Progarchives.com Homepage
Forum Home Forum Home > Progressive Music Lounges > Interviews
  New Posts New Posts RSS Feed: Clouds
  FAQ FAQ  Forum SearchSearch  Calendar   Register Register  Login Login

Clouds

 Post Reply Post Reply Page  123 5>
Author
Message
toroddfuglesteg View Drop Down
Forum Senior Member
Forum Senior Member
Avatar
Retired

Joined: March 04 2008
Location: Retirement Home
Online Status: Offline
Posts: 3648
Post Options Post Options   Quote toroddfuglesteg Quote  Post ReplyReply Direct Link To This Post Topic: Clouds
    Posted: January 04 2011 at 14:30


Starting life in Edinburgh, Scotland, as The Premiers, then, following a few personnel changes, enjoying some critical acclaim as innovative organ-led rock trio 1-2-3, The Clouds were at the epicenter of the thriving progressive rock scene from its inception in the mid-late 1960s. They remained there until 1971 but never really hit the big time and remain one of Prog's great unsung.

A 2 CD compilation of their three albums + a gig was released at the end of last year which caused renewed interest in Clouds.

I got in touch with the band through their website and this is their story.

#############################################


When, where and by whom was Clouds started ? Did any of you, past and present Clouds members, play in any other bands before joining up in Clouds ? Why did you choose that name ?
In 1964, Ian (Ellis) and Harry (Hughes) were playing together in a group called ‘The Premiers’. The line-up of the band was two guitars, bass, drums (Harry), and vocalist (Ian). The band decided to recruit an organist, and Billy (Ritchie) joined (1965). Billy had been playing in a band called ‘The Satelites’. The organ was so obviously the leading instrument, it changed the dynamic of the band, the lead guitarist left, the band fragmented, leaving just Ian, Billy, and Harry, and we decided to start a new band together. We wanted to do something different, and as there were only three of us, we decided to call the band 1-2-3, it seemed a hip name, and something different, like the band itself. It was only much later (the winter of 1967) that we became Clouds. The name was chosen by our new manager, Terry Ellis. He felt we needed a fresh start and a new name. We never liked the name, we preferred 1-2-3.
How was the music scene in Edinburgh when you started ?
It was vibrant, lots of bands, but mainly all playing the same sort of music, Tamla Motown, including us (The Premiers). The club scene in Edinburgh was really good, the best club was called ‘The Place’, which used to have several groups on at the same time, bands like Nazareth, Lulu and the Lovers, The Stoics, The Dream Police, The Boston Dexters, all the Scottish scene from Edinburgh and Glasgow. The Premiers were one of the middle-order bands, not first-ranking in people’s minds.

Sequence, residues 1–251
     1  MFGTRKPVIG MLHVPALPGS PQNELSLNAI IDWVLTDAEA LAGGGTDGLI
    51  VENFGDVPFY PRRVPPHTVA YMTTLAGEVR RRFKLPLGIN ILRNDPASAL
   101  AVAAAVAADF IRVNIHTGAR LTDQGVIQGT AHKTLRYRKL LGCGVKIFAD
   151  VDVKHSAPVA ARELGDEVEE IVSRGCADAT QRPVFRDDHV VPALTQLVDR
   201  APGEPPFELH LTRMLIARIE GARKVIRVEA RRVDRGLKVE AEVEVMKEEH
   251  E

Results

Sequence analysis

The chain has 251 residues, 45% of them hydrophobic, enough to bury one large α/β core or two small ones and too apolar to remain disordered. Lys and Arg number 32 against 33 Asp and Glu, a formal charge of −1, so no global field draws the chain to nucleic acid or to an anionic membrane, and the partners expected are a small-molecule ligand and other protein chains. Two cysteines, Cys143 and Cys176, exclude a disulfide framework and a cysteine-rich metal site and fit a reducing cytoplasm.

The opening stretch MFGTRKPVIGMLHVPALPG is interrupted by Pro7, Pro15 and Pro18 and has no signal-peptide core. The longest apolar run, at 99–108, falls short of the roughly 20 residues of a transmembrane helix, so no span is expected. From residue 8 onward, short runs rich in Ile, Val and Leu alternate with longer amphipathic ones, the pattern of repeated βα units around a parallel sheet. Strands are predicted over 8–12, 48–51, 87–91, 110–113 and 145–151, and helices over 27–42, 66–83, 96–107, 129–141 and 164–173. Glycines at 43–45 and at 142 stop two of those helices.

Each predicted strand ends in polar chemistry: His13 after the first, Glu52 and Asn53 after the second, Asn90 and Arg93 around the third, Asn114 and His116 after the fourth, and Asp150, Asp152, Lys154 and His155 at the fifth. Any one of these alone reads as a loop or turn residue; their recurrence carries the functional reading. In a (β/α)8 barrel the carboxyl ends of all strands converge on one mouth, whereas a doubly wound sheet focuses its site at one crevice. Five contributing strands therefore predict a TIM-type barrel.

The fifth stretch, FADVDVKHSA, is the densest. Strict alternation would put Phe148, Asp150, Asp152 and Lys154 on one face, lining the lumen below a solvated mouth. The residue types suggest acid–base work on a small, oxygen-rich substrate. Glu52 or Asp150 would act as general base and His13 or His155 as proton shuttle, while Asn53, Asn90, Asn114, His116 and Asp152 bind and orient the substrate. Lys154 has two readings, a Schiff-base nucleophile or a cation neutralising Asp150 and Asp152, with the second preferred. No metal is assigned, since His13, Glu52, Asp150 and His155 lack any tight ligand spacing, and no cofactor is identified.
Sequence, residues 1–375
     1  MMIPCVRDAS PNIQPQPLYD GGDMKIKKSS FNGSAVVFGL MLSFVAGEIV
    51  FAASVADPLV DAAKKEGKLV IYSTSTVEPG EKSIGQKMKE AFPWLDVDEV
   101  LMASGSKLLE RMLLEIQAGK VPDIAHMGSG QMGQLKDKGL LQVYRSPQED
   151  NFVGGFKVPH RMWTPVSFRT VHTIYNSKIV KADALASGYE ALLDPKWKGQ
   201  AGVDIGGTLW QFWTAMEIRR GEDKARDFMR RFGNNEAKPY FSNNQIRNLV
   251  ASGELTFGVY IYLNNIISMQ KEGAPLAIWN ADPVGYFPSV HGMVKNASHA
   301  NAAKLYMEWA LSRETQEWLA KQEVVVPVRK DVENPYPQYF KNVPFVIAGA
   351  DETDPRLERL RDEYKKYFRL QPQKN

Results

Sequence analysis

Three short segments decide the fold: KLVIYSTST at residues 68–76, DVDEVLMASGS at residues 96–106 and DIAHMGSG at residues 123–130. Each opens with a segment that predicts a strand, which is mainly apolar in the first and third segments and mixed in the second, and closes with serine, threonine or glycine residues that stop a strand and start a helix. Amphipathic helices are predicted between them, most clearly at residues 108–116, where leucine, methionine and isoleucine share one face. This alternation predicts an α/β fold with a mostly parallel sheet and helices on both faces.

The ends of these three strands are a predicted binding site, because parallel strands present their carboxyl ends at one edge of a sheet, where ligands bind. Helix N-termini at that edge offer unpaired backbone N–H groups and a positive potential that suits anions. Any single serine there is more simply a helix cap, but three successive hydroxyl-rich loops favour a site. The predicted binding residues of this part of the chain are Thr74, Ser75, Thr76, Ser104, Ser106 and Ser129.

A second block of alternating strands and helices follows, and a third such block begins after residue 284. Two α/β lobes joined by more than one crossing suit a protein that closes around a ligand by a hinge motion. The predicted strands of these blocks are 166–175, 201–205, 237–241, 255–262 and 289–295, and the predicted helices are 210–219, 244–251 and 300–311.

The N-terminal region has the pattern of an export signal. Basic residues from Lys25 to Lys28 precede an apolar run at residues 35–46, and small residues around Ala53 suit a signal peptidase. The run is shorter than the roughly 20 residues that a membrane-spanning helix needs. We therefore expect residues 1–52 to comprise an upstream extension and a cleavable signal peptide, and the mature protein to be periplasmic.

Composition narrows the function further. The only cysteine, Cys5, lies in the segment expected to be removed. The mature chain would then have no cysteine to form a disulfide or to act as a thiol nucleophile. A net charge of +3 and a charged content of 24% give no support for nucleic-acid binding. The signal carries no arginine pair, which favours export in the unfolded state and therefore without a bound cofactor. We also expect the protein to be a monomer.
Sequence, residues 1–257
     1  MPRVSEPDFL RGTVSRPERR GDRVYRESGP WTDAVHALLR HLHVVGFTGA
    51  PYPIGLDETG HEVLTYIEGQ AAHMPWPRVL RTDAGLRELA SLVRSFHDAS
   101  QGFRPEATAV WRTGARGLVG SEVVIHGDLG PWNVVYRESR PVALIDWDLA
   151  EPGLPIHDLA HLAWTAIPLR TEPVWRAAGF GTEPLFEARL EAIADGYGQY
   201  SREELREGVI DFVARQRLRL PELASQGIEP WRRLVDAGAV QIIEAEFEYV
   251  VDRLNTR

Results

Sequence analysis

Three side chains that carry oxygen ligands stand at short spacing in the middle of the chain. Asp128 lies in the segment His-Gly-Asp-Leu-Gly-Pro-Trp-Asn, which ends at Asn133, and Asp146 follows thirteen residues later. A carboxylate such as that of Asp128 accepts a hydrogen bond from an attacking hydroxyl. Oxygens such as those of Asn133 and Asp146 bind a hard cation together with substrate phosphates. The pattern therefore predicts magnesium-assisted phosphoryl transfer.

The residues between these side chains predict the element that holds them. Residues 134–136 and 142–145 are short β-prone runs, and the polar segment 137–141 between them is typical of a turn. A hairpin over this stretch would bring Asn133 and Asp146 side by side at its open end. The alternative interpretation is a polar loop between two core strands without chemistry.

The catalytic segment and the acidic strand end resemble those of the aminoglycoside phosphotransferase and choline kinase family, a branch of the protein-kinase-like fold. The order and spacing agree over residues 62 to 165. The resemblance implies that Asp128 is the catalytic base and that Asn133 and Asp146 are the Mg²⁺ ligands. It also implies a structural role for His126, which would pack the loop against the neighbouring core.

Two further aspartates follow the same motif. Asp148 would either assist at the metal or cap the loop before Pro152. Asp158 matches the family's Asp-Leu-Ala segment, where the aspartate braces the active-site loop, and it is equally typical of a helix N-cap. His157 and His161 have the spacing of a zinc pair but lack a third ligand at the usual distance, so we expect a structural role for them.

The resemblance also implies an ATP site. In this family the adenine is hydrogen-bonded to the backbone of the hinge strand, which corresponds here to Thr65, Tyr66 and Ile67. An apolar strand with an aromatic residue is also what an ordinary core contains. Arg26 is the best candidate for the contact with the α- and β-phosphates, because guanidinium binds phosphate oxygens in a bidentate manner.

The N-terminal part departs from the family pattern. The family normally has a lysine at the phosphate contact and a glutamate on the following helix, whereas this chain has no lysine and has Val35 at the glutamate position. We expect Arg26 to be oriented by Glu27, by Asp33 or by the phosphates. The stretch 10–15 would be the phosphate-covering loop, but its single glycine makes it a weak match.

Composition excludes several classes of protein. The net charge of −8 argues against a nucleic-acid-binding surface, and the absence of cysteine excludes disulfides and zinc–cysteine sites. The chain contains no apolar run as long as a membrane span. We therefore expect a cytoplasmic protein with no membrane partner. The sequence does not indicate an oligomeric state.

Not many people know this, but Clouds was one of the first bands who combined rock and classic music. If not the first band, that is. Other bands like The Nice, Genesis, Procol Harum, Yes and ELP followed suit. How did you get this idea and how did this idea really take off in Clouds ?
1-2-3 was the earliest band to play that form of music. It was only later that this style became part of what would be called progressive rock. We were certainly the only band around the Marquee and London scene playing that form of music, though experimentation was beginning to take place in other ways, Cream, and Pink Floyd, are the other names that spring to mind, though all three of us were trying new music from different directions. It just so happens that our music seemed to find a branch of its own in progressive channels. The basic idea was rewritten versions of pop music songs, and it all sprang from Billy, who had a very radical approach to the arrangements. He took the view that anything was possible, and there were no barriers. The blueprint he used was the exact model that Yes used a year or so later.
It is said you directly influenced Keith Emerson to take up the same idea and the rest is music history (and our website ProgArchives). Please tell us more about how much you influenced him or the background for this claim (which does not originates from Clouds).